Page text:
EDEN PRAIRIE, Minn. -- Shortly after 4 o'clock on Thursday afternoon, Minnesota Vikings owner Zygi Wilf walked through doors of the team's offices, making the kind of appearance that signified the Vikings were getting serious about finishing a deal with Captain Munnerlyn.
And there was good reason they should have been. Their decision to cut veteran slot cornerback Antoine Winfield a year ago backfired horribly, with the team moving Josh Robinson to the slot for the first time in his career after Winfield rebuffed the Vikings' attempts to get him to return on a reduced contract. Robinson was struggling so much in September, the Vikings nearly coaxed Winfield out of retirement and put him on a plane to London before signing Josh Freeman instead.
Now, with the Vikings having signed the former Carolina Panthers defensive back to a three-year deal worth up to $15 million, they've addressed their slot corner problem with a player who sounds remarkably similar to Winfield. The 5-foot-8 Munnerlyn is described as a small, scrappy player, a sure tackler who's strong in run support. According to Pro Football Focus, he was the third-most efficient tackler among NFL cornerbacks last year, leading the league with 24 "stop" tackles (which led to pass plays that went for a loss or no gain). He doesn't turn 26 until April, and the Vikings would have had to find a slot corner sooner than later even if they'd kept Winfield for his 15th NFL season. But the dire situation the Vikings had in the slot last year had to contribute to their aggressive pursuit of Munnerlyn.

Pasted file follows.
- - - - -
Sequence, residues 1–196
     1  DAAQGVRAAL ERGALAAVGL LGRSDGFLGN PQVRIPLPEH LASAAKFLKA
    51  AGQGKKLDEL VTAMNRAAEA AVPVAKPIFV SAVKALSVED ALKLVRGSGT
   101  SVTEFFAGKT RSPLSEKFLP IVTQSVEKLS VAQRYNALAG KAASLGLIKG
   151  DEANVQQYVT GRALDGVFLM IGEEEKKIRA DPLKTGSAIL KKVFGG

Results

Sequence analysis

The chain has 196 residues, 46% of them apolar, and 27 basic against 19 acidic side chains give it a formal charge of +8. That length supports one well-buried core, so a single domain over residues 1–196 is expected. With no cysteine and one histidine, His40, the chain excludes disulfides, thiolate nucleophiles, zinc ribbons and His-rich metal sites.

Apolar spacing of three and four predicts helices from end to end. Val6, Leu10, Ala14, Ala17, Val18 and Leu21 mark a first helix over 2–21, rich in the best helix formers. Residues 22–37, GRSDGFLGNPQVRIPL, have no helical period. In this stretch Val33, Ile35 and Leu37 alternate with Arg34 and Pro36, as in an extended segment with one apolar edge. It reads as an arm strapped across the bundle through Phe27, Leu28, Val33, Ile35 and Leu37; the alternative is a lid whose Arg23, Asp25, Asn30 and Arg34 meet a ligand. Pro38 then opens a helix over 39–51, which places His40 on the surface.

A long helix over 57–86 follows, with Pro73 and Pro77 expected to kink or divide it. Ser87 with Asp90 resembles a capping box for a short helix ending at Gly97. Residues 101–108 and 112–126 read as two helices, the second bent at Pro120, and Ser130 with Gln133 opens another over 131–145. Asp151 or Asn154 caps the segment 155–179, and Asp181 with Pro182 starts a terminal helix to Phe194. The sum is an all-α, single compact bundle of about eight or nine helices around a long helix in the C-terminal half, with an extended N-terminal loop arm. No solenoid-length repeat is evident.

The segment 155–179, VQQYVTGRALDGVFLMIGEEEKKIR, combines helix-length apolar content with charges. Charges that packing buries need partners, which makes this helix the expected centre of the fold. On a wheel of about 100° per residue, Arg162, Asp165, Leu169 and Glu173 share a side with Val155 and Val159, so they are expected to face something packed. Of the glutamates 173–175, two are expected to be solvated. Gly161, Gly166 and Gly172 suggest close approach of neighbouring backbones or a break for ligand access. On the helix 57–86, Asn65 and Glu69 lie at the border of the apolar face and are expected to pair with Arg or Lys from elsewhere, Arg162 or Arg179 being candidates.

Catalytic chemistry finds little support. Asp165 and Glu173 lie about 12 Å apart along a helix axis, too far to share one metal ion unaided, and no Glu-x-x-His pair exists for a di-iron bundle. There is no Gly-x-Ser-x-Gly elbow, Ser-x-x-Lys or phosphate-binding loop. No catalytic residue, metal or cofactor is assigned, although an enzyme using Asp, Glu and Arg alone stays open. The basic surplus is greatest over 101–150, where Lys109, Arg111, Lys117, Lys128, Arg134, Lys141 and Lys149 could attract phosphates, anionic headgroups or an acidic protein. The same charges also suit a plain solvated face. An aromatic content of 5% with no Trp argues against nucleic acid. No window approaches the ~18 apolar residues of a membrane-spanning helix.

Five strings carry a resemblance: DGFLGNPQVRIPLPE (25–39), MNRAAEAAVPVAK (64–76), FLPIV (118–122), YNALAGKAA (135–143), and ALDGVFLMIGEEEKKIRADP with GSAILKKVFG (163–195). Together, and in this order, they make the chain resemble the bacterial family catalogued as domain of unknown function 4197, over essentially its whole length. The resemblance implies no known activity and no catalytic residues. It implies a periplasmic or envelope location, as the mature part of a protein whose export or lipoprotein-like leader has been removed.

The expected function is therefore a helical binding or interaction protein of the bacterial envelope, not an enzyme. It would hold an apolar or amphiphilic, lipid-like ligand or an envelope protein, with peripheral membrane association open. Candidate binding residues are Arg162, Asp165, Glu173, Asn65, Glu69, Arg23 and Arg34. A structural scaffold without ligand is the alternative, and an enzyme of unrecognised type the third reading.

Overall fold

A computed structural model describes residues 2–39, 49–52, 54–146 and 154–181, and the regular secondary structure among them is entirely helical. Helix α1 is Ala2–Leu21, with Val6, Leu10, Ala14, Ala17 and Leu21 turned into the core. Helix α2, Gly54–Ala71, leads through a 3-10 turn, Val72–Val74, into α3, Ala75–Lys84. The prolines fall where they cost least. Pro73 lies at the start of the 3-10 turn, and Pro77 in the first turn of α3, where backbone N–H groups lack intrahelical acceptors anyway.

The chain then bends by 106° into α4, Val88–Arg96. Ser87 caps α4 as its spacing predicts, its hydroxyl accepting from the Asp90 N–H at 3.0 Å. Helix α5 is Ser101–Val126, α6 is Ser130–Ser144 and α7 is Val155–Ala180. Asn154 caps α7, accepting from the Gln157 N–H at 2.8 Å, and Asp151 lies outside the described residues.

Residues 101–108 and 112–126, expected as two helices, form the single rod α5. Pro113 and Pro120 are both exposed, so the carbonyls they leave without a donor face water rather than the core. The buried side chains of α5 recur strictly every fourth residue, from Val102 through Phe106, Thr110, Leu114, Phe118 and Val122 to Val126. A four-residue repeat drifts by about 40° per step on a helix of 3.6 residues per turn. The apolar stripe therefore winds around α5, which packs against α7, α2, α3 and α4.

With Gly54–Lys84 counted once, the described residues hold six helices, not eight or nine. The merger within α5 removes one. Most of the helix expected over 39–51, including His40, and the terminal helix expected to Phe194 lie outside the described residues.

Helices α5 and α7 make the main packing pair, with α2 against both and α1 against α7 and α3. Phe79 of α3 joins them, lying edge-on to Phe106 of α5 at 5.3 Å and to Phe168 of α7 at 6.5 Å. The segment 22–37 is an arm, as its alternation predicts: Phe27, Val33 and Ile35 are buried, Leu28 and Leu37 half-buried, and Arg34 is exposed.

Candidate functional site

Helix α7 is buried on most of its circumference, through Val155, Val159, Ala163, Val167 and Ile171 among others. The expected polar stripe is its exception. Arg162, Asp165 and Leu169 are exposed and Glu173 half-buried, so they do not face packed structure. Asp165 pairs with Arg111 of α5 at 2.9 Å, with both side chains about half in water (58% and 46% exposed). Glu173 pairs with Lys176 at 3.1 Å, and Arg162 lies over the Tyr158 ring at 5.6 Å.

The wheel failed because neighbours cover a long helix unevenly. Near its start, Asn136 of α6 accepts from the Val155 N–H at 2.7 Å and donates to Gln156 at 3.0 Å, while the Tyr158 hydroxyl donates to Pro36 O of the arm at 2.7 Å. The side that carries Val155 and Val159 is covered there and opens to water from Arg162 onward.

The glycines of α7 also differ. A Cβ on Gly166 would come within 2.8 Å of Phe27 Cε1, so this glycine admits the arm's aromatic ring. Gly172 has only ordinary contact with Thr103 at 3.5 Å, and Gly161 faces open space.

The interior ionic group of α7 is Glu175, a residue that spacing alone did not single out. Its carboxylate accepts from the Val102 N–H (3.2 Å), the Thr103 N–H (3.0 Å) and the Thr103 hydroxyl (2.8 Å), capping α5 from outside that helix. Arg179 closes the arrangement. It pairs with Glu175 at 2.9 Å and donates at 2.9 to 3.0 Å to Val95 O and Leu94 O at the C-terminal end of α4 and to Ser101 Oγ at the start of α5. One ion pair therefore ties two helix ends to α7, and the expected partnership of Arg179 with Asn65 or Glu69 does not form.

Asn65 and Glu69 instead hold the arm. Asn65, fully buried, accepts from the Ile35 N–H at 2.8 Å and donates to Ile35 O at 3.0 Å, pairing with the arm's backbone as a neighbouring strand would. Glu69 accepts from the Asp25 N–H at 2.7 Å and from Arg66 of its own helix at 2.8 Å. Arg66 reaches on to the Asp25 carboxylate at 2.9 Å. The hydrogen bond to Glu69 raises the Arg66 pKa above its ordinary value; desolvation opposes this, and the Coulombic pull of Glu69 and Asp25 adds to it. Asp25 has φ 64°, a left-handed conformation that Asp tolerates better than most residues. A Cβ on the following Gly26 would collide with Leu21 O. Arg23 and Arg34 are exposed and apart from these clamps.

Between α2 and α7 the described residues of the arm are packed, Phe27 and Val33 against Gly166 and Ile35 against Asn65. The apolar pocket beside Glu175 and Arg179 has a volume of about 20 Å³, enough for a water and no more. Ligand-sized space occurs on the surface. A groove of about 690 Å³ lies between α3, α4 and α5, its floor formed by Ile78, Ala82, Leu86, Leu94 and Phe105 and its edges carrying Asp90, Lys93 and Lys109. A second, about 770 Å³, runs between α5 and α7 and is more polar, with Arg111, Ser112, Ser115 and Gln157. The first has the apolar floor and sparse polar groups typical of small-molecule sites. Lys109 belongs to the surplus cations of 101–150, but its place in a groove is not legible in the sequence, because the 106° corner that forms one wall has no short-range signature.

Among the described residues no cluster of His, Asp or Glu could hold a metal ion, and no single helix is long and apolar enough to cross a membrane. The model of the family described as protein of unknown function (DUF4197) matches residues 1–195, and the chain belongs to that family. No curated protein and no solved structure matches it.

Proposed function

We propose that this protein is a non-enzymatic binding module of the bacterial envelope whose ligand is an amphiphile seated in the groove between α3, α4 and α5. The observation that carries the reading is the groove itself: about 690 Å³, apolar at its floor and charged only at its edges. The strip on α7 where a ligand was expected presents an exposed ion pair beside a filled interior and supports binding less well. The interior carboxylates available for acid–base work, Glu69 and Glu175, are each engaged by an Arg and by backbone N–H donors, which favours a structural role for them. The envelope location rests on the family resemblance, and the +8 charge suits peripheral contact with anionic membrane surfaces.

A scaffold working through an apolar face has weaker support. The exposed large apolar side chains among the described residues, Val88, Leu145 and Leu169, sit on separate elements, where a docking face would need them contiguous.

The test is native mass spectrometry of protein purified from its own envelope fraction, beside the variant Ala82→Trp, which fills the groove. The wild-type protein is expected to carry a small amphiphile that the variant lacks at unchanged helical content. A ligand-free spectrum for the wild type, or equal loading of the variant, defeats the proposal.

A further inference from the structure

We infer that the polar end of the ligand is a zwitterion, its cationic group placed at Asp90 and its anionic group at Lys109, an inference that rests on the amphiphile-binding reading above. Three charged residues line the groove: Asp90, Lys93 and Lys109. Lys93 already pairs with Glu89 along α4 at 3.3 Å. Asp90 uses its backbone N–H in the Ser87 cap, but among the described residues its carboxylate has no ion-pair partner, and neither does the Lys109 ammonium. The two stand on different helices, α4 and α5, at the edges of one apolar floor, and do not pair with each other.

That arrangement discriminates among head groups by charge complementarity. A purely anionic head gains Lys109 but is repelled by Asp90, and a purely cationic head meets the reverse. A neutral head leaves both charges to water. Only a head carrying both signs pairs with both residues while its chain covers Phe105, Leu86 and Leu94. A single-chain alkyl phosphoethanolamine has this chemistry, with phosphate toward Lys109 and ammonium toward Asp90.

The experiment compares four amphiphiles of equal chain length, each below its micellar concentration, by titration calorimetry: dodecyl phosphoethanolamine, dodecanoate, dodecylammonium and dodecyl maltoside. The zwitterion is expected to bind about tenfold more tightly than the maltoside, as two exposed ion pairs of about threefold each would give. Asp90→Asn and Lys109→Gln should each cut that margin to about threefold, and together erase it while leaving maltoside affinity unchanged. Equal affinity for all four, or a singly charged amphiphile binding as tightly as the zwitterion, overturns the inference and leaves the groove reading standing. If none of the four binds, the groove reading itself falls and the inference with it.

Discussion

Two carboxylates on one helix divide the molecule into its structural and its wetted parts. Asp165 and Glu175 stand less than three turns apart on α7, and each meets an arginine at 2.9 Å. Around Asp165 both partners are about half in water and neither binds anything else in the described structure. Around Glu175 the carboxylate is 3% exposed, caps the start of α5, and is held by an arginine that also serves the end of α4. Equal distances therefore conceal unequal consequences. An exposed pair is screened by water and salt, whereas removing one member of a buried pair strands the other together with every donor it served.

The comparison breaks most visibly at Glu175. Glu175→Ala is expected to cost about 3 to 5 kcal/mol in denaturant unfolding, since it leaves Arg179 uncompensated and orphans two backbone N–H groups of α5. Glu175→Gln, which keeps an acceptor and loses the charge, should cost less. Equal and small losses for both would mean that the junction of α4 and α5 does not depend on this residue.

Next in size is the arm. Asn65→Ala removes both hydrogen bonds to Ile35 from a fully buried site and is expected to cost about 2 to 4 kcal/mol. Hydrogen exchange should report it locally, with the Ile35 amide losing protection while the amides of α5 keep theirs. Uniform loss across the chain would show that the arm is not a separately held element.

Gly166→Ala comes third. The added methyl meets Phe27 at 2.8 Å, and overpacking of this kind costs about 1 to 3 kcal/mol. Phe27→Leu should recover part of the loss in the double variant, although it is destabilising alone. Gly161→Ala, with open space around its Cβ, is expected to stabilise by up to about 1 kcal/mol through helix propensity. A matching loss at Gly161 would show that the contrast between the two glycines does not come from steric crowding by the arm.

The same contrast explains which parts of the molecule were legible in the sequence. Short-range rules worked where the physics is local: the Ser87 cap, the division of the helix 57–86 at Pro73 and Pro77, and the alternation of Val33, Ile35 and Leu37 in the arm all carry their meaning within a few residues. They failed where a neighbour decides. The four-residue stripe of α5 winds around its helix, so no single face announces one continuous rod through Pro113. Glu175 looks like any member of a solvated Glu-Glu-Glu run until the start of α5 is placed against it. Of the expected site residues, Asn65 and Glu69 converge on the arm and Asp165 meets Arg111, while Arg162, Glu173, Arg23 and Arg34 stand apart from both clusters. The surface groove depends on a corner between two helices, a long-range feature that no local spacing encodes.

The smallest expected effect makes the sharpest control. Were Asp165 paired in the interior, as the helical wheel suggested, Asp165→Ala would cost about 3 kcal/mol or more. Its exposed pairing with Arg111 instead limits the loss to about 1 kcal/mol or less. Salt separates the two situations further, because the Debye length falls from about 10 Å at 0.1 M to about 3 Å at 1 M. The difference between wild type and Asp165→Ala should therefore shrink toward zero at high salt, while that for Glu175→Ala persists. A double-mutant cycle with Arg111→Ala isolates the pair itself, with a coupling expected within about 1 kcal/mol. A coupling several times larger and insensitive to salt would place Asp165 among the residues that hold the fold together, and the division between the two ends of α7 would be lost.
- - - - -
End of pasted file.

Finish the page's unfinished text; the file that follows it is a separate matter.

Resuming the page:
They'll spend more time Thursday night with Chicago Bears defensive tackle Henry Melton, and it remains to be seen if the Vikings will have both the role and the contract Melton wants after returning from knee surgery. But the two pieces the Vikings have added to their defense -- a run-stopping defensive tackle in Linval Joseph and a reliable slot corner in Munnerlyn -- should apply a salve to two of the biggest wounds on a defense that allowed more points than any in the league last season. If the Vikings wish, they can move Robinson back to his natural outside corner position, or they can bring in another player to compete with him for a spot opposite Xavier Rhodes. They still need to address the linebacker position and are gambling in some senses on Everson Griffen's ability to be a consistent pass-rusher. But the Vikings' defense already looks tougher than what they had last season, and new coach Mike Zimmer should have pieces to work with.
Adding Munnerlyn solved a key problem, and the Vikings did it by spending money on a young, diminutive slot corner a year after cutting a veteran, diminutive slot corner. It's a quick about-face at the position, and it should lead to a sturdier secondary in 2014.